Gone Girl, 2014.
Directed by David Fincher
Starring Ben Affleck, Rosamund Pike, Neil Patrick Harris, Tyler Perry, Carrie Coon, Emily Ratajkowski and Kim Dickens.
With his wife’s disappearance having become the focus of an intense media circus, a man sees the spotlight turned on him when it’s suspected that he may not be innocent.
When Gone Girl swept into bookshops in 2012, it was the biggest thing since slice bread. Critically acclaimed by many, labeled “airport fiction” by others it has certainly made huge waves since its debut. The next step, naturally, was a leap onto the big screen, and now just two years later Gillian Flynn’s novel makes its big screen debut under the direction of David Fincher (Se7en, Zodiac). Surprising to some, but the acclaimed filmmakers track record for bringing written works to the screen is second to none. And once again, he has succeeded terrifically.
That said however, Gone Girl may just be the most preposterous movie to have been made in the 21st century. A bold statement for sure, but it’s hard to think of any other film whose who façade, story and direction is based on one of the most ridiculous plot twists and narrative choices that are usually confined to Lifetime (or perhaps Movie Mix in the UK.) Those who have read the book may well disagree and many consider the twists and turns as stunning, thought-provoking bits of fiction, but if you haven’t picked up a copy, you are likely to have the same reaction as many have had over its opening weekend. Whatever you think of the reasoning behind Gone Girl’s biggest twist, it is almost impossible to get swept up its boldness and quite frankly brilliance.
On the surface, Gone Girl is your run-of-the-mill thriller about a man being accused of murdering his wife, there are many more layers beneath the surface of author Flynn’s screenplay that make the film such wonderfully compelling viewing. It’s social commentaries on 21st century media is pretty spot on, with the continuously news coverage of the story always lurking in the background day and night as the country is gripped by Missing Amy “fever”.
In amongst the rolling news are two opposing news anchors (one very Nancy Grace played by Missi Pyle, the other more Diane Sawyer played by Sela Ward, both very American) hell-bent on making their own agendas known to their adoring public despite the lack of evidence, stirring the journalistic pot to sway concerned citizens into hateful accusers. It’s all very current, and it’s not difficult to make the jump from fiction to reality with some peoples fascination with such cases in real life.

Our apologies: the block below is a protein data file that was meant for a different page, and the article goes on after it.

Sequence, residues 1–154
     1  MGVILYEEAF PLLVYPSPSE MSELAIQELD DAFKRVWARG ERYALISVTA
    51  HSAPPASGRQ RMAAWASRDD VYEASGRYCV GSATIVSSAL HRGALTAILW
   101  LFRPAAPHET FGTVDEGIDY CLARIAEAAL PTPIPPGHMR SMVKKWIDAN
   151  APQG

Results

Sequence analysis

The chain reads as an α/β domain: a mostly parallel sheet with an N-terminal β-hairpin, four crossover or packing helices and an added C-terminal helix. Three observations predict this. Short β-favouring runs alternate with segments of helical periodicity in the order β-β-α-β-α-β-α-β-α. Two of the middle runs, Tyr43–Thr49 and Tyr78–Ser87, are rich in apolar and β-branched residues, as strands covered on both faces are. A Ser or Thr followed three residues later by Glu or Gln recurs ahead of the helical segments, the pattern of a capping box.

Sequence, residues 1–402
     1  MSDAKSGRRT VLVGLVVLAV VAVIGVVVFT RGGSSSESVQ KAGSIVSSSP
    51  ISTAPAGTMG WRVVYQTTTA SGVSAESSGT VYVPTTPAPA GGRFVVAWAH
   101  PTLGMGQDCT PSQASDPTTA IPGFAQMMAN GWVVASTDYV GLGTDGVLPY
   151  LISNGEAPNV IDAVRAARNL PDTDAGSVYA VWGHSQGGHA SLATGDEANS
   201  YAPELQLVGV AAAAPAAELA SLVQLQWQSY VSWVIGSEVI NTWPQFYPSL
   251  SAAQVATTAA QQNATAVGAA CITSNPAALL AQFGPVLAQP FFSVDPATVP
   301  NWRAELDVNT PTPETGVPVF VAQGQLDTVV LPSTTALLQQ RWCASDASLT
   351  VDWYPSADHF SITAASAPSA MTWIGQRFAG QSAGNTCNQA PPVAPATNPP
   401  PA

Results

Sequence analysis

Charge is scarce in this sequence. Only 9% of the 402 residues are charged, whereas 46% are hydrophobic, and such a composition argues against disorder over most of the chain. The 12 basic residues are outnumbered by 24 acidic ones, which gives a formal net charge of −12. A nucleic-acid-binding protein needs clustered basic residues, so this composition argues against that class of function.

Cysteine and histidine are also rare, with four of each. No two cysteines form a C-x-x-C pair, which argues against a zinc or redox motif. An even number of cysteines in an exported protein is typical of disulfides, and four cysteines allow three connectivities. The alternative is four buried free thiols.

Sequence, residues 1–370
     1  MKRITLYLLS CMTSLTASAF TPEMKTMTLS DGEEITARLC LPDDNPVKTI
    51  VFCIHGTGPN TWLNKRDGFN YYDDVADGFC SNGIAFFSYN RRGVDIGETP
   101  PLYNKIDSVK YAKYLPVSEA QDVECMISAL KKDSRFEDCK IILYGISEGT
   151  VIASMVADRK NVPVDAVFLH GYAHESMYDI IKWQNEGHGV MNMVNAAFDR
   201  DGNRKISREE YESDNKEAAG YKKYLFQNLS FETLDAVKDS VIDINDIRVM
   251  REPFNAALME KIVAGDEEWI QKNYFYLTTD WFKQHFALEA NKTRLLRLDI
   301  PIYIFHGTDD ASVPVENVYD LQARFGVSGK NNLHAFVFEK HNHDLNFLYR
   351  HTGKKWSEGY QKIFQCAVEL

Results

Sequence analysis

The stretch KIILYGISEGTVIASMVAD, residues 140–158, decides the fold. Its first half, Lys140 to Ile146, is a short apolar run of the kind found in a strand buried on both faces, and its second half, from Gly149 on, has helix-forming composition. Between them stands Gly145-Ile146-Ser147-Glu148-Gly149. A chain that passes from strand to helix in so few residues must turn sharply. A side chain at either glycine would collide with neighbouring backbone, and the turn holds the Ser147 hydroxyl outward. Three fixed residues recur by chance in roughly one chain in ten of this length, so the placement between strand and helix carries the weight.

On the other side is the fascinating battle of the sexes between husband and wife as both try to out wit and out maneuver each other, despite their apparent love and desire for each other. The perfect couple in public in their idyllic home with lashings of posh and expensive toys, but it’s in those four walls that a murky side peaks its head as Nick and Amy try to out muscle and out smart the other. And who says marriage is dead.
Fincher as ever is calm and measured in the director’s chair, and while it may not be the directors’ best work, he is still amongst a small pack of current directors (alongside Christopher Nolan and the Anderson’s, Wes and Paul Thomas) that can draw in an audience no matter what he does. It’s another master-class in still, calculated direction with some wonderful low tracking shots that only tell half the story, tempting you to look further and deeper if you dare, combined simple but beautiful framing that capture both characters and setting that brings out the best once more in partnership with new photographer Jeff Cronenweth, who combine again after Fight Club, The Social Network and The Girl with the Dragon Tattoo.
Across the board, the acting here is of the highest caliber, but the film belongs to Pike, who may well be in and around the Best Actress award candidates come trophy season. Having spent the best part of a decade in supporting roles, the British actress is quite simply spectacular as the titular “gone girl” and it should lead to the big breakout this performance deserves. Playing such a diverse character could have been a tricky prospect, but Pike delivers on every level: beautiful and charismatic one minute, deadly and foul-mouthed the next, she is quite simply captivating.
In truth, the whole cast is captivating, with outstanding performances from everyone involved: Affleck delivers one his best performances to date as the self-centered husband Nick, wonderfully balancing the warm outer skin that hides his many deceitful undertones; Tyler Perry, who is still largely unknown to many parts of the UK audience, threatens to steal the show as Nick’s fast-talking, quick-thinking lawyer Tanner Bolt; Neil Patrick Harris flips his Barney Stinson role on its head and is suitably smarmy as Amy’s ex Desi, while Kim Dickens and Carrie Coon provide fantastic support as the lead investigator and Nick’s twin sister respectively, both of whom could also be in the mix come award season.
A twisted, surreal and funny thriller, Gone Girl is another exceptional achievement for David Fincher and says a lot about his brilliance that this entry while brilliant would arguably only enter into the mid-section of his 10 films so far. Ably supported by a great screenplay from author Gillian Flynn, and performed tremendously across the board by all, it’s one of the best films of the year and may well see itself amongst the golden statues and globes come the New Year.
Flickering Myth Rating – Film: ★ ★ ★ ★ / Movie: ★ ★ ★ ★
Listen to our podcast review using the player below: